It is easy to think that this style is relating to the early famous painters in the Renaissance. But it refers to a development in mid-19th-century that aimed to represent the customs, ideas, and appearances of the time using scenes from everyday life. It is the attempt to portray exactly what you see. No artistic conventions, exotic or supernatural elements. It is in large part a matter of technique and training, and the avoidance of stylisation. The realism art movement in painting began in France in the 1850s. Realism concerned itself with how life was structured socially, economically, politically, and culturally in the mid-nineteenth century. This led to unflinching, sometimes ‘ugly’ portrayals of life's unpleasant moments and the use of dark, earthy colours.

The desperate man, Gustave Courbet, 1845
The desperate man, Gustave Courbet, 1845

Realism was the first explicitly anti-institutional, nonconformist art movement. In the 19th century ‘Naturalism’ could be seen as representing a breakaway sub-movement of Realism. Naturalism distinguishes itself from the movement Realism by its avoidance of politics and social issues.

Surrealism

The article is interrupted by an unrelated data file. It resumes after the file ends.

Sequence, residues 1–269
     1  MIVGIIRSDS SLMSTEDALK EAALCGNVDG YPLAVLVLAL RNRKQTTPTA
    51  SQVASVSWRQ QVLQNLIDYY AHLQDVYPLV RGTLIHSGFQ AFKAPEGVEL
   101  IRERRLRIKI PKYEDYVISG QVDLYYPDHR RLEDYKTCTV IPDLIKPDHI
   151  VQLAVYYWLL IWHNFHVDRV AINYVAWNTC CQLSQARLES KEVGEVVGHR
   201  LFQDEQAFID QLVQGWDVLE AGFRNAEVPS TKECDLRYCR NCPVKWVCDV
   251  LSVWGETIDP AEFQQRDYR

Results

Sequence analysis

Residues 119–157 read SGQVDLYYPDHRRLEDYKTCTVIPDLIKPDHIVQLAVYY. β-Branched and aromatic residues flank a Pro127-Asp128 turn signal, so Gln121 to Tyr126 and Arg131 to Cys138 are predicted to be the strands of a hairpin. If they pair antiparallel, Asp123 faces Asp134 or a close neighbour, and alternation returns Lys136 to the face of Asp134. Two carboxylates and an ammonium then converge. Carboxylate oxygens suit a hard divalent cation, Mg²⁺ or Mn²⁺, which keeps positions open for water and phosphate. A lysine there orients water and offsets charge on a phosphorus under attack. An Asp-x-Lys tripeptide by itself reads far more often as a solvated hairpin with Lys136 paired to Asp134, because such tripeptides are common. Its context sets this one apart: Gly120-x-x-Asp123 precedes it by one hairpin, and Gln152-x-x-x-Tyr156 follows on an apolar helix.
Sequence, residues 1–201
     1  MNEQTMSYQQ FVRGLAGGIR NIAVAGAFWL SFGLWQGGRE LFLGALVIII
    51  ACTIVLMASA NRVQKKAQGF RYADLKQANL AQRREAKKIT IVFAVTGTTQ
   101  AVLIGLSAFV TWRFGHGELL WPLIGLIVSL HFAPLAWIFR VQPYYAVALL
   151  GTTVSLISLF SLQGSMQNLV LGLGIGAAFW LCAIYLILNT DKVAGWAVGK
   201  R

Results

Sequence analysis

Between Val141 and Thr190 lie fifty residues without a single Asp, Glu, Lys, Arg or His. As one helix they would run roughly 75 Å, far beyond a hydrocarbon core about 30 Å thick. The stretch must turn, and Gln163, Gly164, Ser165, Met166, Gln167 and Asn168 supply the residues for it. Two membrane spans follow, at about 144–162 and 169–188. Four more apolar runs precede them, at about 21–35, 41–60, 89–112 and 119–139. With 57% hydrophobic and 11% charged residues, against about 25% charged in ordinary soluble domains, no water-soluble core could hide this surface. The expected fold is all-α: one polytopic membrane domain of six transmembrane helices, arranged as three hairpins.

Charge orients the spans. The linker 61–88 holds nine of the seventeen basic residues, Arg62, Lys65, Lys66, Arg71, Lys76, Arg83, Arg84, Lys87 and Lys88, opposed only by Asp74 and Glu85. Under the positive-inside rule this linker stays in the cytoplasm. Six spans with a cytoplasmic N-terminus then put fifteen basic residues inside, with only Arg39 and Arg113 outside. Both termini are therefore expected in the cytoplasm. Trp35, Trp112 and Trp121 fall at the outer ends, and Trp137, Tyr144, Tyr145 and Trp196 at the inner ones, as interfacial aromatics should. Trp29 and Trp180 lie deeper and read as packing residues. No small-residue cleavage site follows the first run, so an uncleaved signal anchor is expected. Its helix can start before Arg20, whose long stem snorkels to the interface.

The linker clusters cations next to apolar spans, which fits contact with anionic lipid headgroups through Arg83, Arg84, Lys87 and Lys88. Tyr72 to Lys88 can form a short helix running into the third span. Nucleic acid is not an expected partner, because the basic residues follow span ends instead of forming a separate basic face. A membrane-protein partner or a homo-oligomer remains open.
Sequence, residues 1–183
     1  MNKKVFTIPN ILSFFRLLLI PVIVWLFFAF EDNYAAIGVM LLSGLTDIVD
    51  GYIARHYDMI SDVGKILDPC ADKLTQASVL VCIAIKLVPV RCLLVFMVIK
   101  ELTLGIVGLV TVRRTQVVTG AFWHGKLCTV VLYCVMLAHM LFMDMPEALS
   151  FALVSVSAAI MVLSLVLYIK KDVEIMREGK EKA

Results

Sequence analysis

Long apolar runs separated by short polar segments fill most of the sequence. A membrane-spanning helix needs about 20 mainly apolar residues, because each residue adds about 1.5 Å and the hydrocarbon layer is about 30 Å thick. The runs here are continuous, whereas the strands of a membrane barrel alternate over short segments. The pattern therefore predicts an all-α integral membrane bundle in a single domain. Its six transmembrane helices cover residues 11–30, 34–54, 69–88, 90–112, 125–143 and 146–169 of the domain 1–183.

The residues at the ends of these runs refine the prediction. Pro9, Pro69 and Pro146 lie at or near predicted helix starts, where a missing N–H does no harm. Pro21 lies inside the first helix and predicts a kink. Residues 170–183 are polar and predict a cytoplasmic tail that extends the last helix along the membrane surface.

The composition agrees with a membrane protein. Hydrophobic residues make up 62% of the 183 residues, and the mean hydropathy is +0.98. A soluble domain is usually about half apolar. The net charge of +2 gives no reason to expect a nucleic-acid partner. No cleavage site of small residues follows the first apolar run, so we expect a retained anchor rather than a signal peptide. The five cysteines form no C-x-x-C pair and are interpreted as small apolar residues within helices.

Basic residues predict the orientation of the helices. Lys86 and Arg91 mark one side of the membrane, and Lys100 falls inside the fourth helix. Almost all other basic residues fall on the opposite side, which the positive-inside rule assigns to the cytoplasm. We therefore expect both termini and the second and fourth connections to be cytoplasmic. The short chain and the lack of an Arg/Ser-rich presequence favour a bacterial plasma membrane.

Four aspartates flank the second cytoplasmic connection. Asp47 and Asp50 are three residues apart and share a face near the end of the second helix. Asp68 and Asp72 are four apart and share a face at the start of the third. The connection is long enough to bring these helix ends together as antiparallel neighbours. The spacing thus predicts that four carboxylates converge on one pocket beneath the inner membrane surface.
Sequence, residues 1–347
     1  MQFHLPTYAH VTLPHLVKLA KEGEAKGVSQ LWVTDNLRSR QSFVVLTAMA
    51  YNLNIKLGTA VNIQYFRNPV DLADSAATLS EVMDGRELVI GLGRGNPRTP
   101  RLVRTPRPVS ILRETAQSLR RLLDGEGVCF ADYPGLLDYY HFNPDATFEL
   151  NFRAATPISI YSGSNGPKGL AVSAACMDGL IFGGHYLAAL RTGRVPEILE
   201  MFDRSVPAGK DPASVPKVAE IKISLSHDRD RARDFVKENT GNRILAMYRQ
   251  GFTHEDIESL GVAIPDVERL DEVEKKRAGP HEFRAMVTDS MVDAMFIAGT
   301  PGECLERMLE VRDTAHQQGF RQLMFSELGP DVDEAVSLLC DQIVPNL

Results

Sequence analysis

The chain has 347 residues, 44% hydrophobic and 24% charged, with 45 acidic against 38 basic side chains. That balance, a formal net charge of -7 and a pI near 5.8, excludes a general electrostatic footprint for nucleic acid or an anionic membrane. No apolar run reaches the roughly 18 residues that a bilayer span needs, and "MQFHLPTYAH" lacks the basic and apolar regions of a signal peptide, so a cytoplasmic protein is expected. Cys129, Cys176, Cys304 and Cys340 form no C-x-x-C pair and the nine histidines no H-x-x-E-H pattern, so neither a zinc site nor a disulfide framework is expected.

A movement that stresses the weird, the fantastic, and the dreamworld of the subconscious. Surrealism is a modern painting style that combines various images together to give an astonishing, surprising effect. The images in these paintings are often illogical and have a dream-like quality about them. Artists painted unnerving, illogical scenes with photographic precision, created strange creatures from everyday objects and developed painting techniques that allowed the unconscious to express itself.

The temptation of St Anthony, Salvador Dali, 1946
The temptation of St Anthony, Salvador Dali, 1946

Pop Art

Pop Art is a modern art movement, started in the 1950s, which uses the imagery, styles, and themes of advertising, mass media, and popular culture. Pop Art revolved around mundane subjects like comic books, advertising, celebrities, and other objects found in the everyday. It was a return to realism and representation in art.

Campbell’s Tomato Soup, Andy Warhol, 1964

Inspiration and ideas for Pop Art paintings are drawn from the commercial and consumer aspects of everyday life, particularly in American culture.In developing its distinctive style, Pop Art built on both abstract art and commercial advertising styles, the way these reduced or simplified reality and perspective. Some pop artists also used commercial printing techniques to produce multiples.

President Elect, James Rosenquist, 1961
President Elect, James Rosenquist, 1961

Pop Art paintings don't show evidence of the application of paint, they don't have hidden symbolism (though the choice of object(s), may have some intended symbolism), and they don't use the traditional techniques of perspective to create an illusion of reality and location in the painting.